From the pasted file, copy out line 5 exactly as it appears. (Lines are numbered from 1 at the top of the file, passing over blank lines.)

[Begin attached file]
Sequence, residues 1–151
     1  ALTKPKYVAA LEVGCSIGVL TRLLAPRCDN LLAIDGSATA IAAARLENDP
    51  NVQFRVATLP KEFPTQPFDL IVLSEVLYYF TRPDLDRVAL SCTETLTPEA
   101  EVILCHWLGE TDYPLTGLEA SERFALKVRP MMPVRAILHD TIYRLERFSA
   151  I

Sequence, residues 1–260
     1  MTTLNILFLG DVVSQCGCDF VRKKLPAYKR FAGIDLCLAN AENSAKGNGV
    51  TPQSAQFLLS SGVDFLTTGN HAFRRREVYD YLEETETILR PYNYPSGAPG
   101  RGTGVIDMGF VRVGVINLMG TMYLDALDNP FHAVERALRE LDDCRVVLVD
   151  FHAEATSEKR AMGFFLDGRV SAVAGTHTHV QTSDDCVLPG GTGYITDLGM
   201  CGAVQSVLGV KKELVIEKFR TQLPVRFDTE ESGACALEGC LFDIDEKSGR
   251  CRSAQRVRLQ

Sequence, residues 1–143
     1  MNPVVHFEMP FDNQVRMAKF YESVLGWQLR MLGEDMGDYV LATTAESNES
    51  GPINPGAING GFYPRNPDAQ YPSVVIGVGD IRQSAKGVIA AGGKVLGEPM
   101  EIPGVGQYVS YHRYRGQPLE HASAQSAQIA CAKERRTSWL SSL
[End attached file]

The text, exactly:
   151  I